The days are growing shorter, but the books have never better. These titles will bring you a bit of spooky, some autumn leaves, a zombie prince, and other great ideas about how to find a place for yourself in the world.
Mary Who Wrote Frankenstein, by Linda Bailey and Julia Sarda
About the book: The inspiring story of the girl behind one of the greatest novels—and monsters—ever, perfectly timed for the 200th anniversary of the publication of Frankenstein. For fans for picture book biographies such as I Dissent or She Persisted.
How does a story begin? Sometimes it begins with a dream, and a dreamer. Mary is one such dreamer, a little girl who learns to read by tracing the letters on the tombstone of her famous feminist mother, Mary Wollstonecraft, and whose only escape from her strict father and overbearing stepmother is through the stories she reads and imagines. Unhappy at home, she seeks independence, and at the age of 16 runs away with poet Percy Bysshe Shelley, another dreamer. Two years later, they travel to Switzerland where they meet a famous poet, Lord Byron. On a stormy summer evening, with five young people gathered around a fire, Byron suggests a contest to see who can create the best ghost story. Mary has a waking dream about a monster come to life. A year and a half later, Mary Shelley's terrifying tale, Frankenstein: or, the Modern Prometheus, is published—a novel that goes on to become the most enduring monster story ever and one of the most popular legends of all time.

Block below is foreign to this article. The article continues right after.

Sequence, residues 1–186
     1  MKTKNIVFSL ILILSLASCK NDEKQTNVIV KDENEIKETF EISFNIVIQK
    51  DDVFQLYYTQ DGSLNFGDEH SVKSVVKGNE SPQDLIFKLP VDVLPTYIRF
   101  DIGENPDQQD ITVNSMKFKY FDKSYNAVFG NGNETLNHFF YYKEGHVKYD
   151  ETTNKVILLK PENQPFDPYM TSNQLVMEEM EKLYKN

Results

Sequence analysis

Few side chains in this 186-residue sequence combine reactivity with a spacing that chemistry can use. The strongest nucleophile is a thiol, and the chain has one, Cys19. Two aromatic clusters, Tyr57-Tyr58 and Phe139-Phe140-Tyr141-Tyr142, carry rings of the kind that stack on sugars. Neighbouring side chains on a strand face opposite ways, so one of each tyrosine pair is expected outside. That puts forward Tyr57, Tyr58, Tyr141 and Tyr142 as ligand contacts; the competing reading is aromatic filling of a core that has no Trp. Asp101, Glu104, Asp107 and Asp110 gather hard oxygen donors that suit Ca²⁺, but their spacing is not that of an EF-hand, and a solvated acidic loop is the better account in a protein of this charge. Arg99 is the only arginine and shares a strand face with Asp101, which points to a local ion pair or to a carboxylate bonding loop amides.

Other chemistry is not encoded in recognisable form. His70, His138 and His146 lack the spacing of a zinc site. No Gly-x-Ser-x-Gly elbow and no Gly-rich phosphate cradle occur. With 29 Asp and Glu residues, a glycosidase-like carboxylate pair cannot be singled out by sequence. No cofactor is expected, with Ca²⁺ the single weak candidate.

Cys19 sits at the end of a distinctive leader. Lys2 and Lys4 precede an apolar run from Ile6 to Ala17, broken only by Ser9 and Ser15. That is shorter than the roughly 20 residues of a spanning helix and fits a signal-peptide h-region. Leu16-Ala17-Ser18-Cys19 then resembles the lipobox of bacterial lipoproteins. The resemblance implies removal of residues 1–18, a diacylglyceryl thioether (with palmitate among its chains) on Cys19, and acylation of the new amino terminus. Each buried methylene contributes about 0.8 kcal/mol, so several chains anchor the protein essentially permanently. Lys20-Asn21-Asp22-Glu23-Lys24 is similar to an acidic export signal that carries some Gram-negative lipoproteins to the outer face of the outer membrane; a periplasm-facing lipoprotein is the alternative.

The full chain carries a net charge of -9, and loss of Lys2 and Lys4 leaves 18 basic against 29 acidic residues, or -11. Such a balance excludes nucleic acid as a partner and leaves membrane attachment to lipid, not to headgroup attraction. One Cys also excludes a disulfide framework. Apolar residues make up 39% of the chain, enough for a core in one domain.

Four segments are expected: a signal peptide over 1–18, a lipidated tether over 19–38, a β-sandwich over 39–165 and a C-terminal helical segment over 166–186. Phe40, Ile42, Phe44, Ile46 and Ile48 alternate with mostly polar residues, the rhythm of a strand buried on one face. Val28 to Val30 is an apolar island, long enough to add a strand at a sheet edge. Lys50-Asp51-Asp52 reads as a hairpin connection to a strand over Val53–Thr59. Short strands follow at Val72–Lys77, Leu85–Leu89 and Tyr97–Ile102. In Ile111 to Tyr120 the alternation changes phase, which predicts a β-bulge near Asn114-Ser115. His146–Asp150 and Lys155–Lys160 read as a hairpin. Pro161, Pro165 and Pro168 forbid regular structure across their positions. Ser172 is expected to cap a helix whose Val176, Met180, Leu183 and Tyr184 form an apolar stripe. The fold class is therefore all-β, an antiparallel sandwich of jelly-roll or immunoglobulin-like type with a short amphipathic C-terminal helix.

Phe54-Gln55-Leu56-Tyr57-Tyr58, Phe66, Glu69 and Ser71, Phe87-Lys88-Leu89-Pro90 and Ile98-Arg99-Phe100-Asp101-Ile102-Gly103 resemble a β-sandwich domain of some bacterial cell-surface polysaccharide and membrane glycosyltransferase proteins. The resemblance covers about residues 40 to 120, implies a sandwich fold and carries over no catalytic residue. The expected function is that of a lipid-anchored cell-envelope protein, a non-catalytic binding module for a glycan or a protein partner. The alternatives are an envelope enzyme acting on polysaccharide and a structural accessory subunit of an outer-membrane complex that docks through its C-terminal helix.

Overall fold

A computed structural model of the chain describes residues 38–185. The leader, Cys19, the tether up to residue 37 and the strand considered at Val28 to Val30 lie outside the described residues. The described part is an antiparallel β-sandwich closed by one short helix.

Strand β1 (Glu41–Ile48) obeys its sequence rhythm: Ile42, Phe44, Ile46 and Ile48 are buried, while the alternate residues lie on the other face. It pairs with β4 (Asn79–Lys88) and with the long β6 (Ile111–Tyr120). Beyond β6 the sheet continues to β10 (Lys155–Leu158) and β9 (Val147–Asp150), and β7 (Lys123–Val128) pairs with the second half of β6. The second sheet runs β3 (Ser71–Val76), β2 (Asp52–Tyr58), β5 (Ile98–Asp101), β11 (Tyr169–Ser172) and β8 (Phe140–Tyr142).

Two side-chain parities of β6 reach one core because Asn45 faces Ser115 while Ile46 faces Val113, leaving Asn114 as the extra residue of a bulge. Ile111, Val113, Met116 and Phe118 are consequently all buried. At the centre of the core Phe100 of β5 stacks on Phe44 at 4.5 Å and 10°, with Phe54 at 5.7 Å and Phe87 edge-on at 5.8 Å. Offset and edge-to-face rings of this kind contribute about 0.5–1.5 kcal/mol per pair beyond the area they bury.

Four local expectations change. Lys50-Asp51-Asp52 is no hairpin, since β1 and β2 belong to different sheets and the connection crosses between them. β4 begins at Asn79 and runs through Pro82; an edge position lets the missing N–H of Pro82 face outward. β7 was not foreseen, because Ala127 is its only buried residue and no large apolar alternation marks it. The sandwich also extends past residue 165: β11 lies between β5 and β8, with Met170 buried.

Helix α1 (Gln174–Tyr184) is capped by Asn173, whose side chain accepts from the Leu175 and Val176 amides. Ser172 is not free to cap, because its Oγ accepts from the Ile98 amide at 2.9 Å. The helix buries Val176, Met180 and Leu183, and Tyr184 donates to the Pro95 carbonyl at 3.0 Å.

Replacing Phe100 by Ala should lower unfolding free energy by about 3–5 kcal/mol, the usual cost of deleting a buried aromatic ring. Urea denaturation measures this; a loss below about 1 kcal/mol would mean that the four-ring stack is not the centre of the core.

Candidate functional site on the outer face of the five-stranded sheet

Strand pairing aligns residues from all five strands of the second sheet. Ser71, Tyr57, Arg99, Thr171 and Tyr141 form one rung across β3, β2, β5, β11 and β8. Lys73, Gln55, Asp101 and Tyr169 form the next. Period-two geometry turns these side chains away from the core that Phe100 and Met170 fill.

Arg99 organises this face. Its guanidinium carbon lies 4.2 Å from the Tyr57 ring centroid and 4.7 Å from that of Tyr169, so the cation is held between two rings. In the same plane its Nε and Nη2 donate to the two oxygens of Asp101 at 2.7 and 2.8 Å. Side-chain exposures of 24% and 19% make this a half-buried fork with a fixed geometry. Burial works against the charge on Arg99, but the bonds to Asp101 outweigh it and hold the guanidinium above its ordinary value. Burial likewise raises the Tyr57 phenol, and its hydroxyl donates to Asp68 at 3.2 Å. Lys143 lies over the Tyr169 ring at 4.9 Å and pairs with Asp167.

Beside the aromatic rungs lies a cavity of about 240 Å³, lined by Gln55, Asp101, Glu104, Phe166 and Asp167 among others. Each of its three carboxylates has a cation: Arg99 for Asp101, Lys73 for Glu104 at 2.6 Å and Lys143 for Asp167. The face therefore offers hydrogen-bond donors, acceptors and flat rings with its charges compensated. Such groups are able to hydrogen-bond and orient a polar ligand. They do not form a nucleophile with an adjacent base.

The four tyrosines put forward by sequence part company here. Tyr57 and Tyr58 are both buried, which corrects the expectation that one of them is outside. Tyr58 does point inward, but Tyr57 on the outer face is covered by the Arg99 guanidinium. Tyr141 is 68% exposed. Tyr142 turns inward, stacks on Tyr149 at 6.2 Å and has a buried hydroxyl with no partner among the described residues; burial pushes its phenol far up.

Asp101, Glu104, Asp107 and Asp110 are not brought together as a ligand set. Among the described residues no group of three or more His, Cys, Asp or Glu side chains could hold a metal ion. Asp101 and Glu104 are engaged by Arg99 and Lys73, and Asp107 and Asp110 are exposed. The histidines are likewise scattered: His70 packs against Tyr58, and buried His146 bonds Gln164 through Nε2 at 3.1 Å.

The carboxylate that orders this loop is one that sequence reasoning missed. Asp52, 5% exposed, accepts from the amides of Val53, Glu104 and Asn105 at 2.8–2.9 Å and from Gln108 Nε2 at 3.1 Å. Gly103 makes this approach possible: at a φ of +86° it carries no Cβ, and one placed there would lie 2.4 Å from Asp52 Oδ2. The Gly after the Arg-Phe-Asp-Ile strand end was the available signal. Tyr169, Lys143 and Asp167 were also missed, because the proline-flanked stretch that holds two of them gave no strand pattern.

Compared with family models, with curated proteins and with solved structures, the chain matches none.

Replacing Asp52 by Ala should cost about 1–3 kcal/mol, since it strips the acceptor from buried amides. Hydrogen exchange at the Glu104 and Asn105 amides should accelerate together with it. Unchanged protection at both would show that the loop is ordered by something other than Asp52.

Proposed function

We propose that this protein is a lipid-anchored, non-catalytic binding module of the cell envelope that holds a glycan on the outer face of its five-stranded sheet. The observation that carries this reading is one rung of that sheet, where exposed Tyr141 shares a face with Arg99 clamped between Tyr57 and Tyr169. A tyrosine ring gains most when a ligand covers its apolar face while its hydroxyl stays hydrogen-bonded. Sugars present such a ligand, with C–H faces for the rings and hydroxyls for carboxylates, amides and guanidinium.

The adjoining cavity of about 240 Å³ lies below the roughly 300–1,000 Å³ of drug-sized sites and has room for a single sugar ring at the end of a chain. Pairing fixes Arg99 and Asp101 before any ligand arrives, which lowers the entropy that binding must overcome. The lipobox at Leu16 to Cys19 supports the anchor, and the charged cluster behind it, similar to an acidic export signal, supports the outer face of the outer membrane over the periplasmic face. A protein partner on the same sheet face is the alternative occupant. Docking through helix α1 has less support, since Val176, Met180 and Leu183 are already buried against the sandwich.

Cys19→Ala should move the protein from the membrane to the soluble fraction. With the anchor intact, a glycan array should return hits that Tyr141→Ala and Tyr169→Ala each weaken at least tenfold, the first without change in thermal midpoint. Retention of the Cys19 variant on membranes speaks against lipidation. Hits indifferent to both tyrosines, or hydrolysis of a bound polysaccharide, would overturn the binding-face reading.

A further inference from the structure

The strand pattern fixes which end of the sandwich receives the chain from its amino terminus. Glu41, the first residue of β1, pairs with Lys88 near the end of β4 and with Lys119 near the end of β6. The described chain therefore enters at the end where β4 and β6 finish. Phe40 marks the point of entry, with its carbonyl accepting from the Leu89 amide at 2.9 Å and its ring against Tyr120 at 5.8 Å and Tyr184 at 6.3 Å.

A riveting and atmospheric picture book about the young woman who wrote one of the greatest horror novels ever written and one of the first works of science fiction, Mary Who Wrote Frankenstein is an exploration of the process of artistic inspiration that will galvanize readers and writers of all ages.
Why we're taking notice: This is a book with something for everyone—monsters, feminist history, incredible art, a spooky atmosphere, and an exploration of the creative experience and that mysterious place where stories come from.
The Zombie Prince, by Matt Beam and Luc Melanson